17. 17. Ecosystem • One vital natural service is nutrient cycling, the circulation of chemicals necessary for life, from the environment (mostly from soil and water) through organisms and back to the environment 30/03/16 Redouane Boulguid - Leadership for Environment & Development 17
  18. 18. Ecosystem • For example, topsoil, the upper layer of the earth’s crust, provides the nutrients that support the plants, animals, and microorganisms that live on land; when they die and decay, they resupply the soil with these nutrients. Without this service, life as we know it could not exist. 30/03/16 Redouane Boulguid - Leadership for Environment & Development 18
  19. 19. Ecosystem • Natural capital is supported by Solar capital: energy from the sun. 30/03/16 Redouane Boulguid - Leadership for Environment & Development 19
  20. 20. Ecosystem • Take away Solar energy, and all natural capital would collapse. • Solar energy warms the planet and supports photosynthesis - a complex chemical process that plants use to provide food for themselves and for us and most other animals. 30/03/16 Redouane Boulguid - Leadership for Environment & Development 20
  21. 21. Ecosystem • This direct input of solar energy also produces indirect forms of renewable solar energy such as wind, flowing water, and biofuels made from plants and plant residues. 30/03/16 Redouane Boulguid - Leadership for Environment & Development 21
  22. 22. Ecosystem • Thus, our lives and economies depend on energy from the sun (solar capital) and natural resources and natural services (natural capital) provided by the Earth. 30/03/16 Redouane Boulguid - Leadership for Environment & Development 22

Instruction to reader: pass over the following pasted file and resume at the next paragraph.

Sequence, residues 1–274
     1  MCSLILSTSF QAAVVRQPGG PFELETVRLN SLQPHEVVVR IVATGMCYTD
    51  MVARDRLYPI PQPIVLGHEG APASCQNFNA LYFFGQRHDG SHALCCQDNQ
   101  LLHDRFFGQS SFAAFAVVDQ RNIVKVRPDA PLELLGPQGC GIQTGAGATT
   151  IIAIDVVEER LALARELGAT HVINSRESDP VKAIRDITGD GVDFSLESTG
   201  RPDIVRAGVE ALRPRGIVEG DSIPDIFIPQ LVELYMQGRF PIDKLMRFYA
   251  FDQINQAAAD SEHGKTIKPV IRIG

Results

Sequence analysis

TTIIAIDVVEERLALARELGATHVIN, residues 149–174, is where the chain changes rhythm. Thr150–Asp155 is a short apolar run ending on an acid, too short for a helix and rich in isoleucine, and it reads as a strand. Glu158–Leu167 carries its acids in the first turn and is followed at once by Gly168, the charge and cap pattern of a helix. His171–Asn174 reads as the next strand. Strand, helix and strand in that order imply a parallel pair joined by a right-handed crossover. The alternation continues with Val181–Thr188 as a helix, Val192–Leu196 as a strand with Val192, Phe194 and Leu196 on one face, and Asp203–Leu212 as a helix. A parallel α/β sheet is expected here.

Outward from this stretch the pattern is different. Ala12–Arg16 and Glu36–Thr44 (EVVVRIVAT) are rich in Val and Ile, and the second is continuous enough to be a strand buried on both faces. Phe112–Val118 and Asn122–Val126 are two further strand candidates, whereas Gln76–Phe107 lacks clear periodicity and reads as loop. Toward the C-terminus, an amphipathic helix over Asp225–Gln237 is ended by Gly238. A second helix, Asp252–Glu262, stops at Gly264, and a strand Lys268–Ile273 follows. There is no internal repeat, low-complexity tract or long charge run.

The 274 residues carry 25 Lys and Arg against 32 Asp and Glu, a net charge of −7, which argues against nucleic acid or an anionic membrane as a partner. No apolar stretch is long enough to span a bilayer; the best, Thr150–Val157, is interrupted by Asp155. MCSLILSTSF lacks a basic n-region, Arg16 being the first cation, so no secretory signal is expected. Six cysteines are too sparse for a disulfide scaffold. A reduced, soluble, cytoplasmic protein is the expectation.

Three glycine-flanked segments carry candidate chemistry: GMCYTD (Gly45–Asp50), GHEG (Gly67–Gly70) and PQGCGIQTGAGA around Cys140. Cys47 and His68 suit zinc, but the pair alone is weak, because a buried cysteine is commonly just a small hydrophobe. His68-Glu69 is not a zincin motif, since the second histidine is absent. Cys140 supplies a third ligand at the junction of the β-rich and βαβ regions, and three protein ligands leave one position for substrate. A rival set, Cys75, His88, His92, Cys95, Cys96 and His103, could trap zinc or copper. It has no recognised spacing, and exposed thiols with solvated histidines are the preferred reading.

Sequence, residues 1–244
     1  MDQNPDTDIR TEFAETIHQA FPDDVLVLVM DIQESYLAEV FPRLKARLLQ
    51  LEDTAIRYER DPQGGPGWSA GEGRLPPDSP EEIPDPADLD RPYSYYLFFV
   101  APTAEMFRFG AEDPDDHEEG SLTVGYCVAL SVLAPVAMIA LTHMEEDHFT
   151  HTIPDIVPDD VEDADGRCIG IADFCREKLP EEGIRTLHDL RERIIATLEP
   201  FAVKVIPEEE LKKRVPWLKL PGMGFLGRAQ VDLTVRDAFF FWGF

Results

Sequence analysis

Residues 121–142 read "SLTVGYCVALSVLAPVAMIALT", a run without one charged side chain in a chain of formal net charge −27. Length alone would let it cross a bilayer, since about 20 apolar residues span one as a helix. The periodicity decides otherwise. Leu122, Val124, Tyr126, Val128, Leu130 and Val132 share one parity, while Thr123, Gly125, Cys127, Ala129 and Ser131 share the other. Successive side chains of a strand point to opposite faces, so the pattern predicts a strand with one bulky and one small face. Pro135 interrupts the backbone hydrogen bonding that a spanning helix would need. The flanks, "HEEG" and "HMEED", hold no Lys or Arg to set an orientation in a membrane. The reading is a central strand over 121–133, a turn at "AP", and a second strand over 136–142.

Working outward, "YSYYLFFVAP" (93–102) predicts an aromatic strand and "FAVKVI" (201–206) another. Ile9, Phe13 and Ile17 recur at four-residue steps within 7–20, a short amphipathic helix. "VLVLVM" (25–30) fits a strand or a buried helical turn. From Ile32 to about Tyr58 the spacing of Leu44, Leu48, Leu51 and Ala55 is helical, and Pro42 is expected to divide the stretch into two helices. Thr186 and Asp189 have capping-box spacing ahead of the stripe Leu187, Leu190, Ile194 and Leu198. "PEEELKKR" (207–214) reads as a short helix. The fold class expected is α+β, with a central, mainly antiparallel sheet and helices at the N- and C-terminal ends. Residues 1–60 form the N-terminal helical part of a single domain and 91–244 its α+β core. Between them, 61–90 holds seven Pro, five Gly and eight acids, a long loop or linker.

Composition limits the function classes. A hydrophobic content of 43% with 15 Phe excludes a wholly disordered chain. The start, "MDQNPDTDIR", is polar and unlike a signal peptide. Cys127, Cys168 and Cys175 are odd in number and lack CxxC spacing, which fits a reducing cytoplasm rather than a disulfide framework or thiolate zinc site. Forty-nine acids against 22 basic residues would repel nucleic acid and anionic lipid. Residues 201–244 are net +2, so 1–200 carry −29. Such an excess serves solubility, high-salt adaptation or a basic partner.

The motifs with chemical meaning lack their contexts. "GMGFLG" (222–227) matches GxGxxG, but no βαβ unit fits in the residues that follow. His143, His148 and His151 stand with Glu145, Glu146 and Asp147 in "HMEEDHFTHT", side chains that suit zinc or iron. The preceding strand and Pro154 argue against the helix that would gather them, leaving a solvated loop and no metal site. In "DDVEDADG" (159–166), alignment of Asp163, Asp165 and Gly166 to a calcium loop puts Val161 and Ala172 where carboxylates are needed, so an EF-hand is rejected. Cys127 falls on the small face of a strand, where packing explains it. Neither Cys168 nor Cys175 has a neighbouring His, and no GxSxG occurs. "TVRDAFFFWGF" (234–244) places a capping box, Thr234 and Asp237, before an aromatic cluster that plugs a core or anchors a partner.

23. 23. Ecosystem 30/03/16 Redouane Boulguid - Leadership for Environment & Development 23
  24. 24. Ecosystem • A second component of Sustainability is to recognize that many human activities can degrade natural capital by using normally renewable resources faster than nature can renew them.30/03/16 Redouane Boulguid - Leadership for Environment & Development 24
  25. 25. Ecosystem • For example, in parts of the world, we are clearing mature forests much faster than nature can replenish them. 30/03/16 Redouane Boulguid - Leadership for Environment & Development 25
  26. 26. Ecosystem •We are also harvesting many species of ocean fish faster than they can replenish themselves. 30/03/16 Redouane Boulguid - Leadership for Environment & Development 26
  27. 27. Ecosystem • This leads us to a third component of sustainability. • Environmental scientists search for solutions to problems such as the degradation of natural capital. 30/03/16 Redouane Boulguid - Leadership for Environment & Development 27
  28. 28. Ecosystem • However, their work is limited to finding the scientific solutions, while the political solutions are left to political processes. 30/03/16 Redouane Boulguid - Leadership for Environment & Development 28